This is a meeting for Spiritual Shots, an after-hours pizza, beer and soul party of sorts that conducted its last meetings of 2002 in November. (The group resumes Jan. 21.) It attracts people like 22-year-old Neal, who says that the speakers who headline the nights offer "good spiritual advice you can apply to your life ... and it's free food."
And don't forget about the beer. Using Bottoms Up as the venue makes what would be a normal fellowship meeting quite different. Judson E. "Buddy" Childress Jr., executive director of the nondenominational Christian organization Needle's Eye Ministries, hopes the setting of a bar helps attract young professionals to the Christian faith. It's an enterprising approach, enough even to be a little controversial among the more conservative-minded of Childress' associates.
"Buddy is really sticking his neck out to do this," says Brad Wells, a local concert promoter who helps get the word out about Shots. "He's got a lot of conservative people behind him," people who get angry, Wells says, when Childress brings people together with alcohol under a Christian banner.
Childress lightheartedly demurs when I ask him after the meeting to talk about the group. He says he's not the best spokesman for a group directed at the young and points around the room, jokingly asking if anyone else has the same color hair as he does. They don't. Childress, 59, defers to Dan Kleinschuster, one of the younger organizers who refer to themselves as the "steering committee," to answer questions about Spiritual Shots and the arguably unfulfilling discussion led that night by David Dwight.
Dwight addressed himself with the title Doctor (he received his doctor of ministry in Christian leadership from Gordon-Conwell Theological Seminary). His talk was "Seeking Sexual Intimacy? A discussion about the search for human intimacy, the nature of sexuality and questions of sexual identity." As complex as that title sounds, Dwight covered it in less than 30 minutes, and his point was essentially that the purpose, or at least God's purpose, for sexual intimacy is marriage between a man and woman for the production of healthy offspring. This is not necessarily a revelatory or controversial idea among Christians, and Dwight merely breezed over "the nature of sexuality and questions of sexual identity" during the question-and-answer session.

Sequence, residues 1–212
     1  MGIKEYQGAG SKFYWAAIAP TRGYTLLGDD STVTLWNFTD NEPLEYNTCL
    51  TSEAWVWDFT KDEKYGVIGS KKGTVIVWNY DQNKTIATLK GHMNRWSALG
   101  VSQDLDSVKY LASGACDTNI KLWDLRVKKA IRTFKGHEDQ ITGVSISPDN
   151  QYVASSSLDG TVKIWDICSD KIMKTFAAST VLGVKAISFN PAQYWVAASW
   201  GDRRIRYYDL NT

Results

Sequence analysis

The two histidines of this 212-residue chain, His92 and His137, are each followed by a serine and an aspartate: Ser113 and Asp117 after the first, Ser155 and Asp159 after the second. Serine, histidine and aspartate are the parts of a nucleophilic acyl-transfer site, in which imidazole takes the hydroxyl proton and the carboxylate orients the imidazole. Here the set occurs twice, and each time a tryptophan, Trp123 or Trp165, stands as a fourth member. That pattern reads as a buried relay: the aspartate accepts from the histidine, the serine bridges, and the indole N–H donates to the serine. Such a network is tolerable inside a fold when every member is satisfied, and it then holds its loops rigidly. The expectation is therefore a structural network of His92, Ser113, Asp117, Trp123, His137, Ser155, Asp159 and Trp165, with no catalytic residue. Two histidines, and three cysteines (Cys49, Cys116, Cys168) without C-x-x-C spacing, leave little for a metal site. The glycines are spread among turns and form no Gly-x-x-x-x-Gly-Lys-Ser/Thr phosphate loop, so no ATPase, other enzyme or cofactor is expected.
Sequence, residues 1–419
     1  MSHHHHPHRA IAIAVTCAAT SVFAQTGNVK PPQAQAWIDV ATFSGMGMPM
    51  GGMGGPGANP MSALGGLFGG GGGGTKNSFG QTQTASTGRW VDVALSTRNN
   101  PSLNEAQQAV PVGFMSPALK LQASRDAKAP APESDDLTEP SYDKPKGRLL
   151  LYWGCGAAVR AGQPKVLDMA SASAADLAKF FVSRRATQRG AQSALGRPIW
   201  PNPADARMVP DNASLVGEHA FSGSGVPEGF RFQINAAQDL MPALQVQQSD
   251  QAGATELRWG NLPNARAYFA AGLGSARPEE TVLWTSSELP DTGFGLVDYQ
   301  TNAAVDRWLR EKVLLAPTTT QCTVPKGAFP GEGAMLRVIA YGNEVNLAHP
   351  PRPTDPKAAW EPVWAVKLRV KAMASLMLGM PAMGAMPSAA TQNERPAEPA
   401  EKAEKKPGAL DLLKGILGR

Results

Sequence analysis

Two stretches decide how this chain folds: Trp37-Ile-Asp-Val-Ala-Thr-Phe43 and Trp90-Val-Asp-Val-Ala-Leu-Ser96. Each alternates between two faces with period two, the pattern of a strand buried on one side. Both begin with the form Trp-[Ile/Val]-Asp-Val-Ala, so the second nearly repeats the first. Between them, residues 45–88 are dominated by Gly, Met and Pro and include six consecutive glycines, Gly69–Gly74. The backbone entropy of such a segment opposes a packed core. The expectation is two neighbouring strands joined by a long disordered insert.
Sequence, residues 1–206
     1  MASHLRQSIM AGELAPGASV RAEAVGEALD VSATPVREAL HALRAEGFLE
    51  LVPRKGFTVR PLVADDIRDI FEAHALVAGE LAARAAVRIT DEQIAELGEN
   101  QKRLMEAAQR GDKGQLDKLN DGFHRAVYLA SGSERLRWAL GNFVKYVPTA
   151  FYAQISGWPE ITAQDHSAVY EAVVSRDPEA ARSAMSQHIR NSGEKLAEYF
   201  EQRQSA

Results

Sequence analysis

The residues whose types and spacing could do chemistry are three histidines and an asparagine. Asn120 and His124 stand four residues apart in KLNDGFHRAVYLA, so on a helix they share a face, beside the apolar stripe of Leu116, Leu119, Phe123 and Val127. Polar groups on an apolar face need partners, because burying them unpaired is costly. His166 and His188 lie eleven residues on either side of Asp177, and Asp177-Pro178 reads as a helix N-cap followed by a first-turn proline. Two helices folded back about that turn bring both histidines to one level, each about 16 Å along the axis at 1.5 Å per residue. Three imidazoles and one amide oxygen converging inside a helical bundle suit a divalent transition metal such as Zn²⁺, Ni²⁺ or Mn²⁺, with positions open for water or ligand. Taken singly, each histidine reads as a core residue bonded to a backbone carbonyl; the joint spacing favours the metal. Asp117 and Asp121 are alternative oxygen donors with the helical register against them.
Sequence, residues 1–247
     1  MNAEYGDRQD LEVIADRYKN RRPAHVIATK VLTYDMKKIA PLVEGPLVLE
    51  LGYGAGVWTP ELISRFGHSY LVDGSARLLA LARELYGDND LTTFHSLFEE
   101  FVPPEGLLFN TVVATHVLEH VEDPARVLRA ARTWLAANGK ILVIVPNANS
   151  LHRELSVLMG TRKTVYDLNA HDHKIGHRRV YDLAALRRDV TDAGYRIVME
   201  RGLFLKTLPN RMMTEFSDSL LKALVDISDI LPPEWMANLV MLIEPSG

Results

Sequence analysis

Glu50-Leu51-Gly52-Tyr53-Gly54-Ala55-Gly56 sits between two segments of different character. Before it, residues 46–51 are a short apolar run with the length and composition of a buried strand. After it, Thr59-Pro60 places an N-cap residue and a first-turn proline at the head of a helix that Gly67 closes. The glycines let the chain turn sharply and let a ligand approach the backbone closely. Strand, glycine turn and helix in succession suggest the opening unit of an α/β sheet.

Kleinschuster explains that the meetings are supposed to attract those people who are not going to church but are interested in the faith, people he refers to as "seekers." The goal for Spiritual Shots, Kleinschuster says, is not to scare off the audience, but leave them wanting more. "There's truth and there's not truth," he says, "and I can give you a little truth, and you can mull it around. But if I try to give you the whole truth, it might overwhelm you and you won't want to come back."
As simple as Dwight's message was, however, to him it was the whole truth. "My thoughts are based on what informs me," Dwight said at the beginning of his lecture, "which is mainly biblical ideas." Seekers or not, most in the audience were listening attentively, nodding in agreement and asking fairly complacent questions at the end.
But it was standing room only, and Spiritual Shots is not lacking for attendance. A similar group called Theology on Tap is the model. Childress says the innovative Catholic organization was started 20 years ago in Chicago, and he got excited about their idea when he read about it a year ago in a Times-Dispatch article. Although "a few individuals have stopped supporting [Needle's Eye]" because of Shots, Childress says, he believes it's important to attract young people to the unusual setting. "I think the younger generation today can be found in a certain place, and we have to go to where they are. In the most part, regardless of age, you want to meet them on their own turf and I think it's easier for young professionals to come to a tavern-type atmosphere."
Other lectures at Spiritual Shots have ranged from "The Reasonableness of Faith" to "A Post 9/11 Discussion of Islam." The talks, in general, seem to cover current affairs and personal stories, topics that could just as easily be found within a secular lecture group. Childress believes his organization provides the missing element.
"All that could be exhilarating but still empty," he says. "Life's answers come when we understand who it is that made us and why. ... What we are about is trying to present answers to that question from God's perspective, hopefully in a way that is open and comfortable to a person who is starting that search."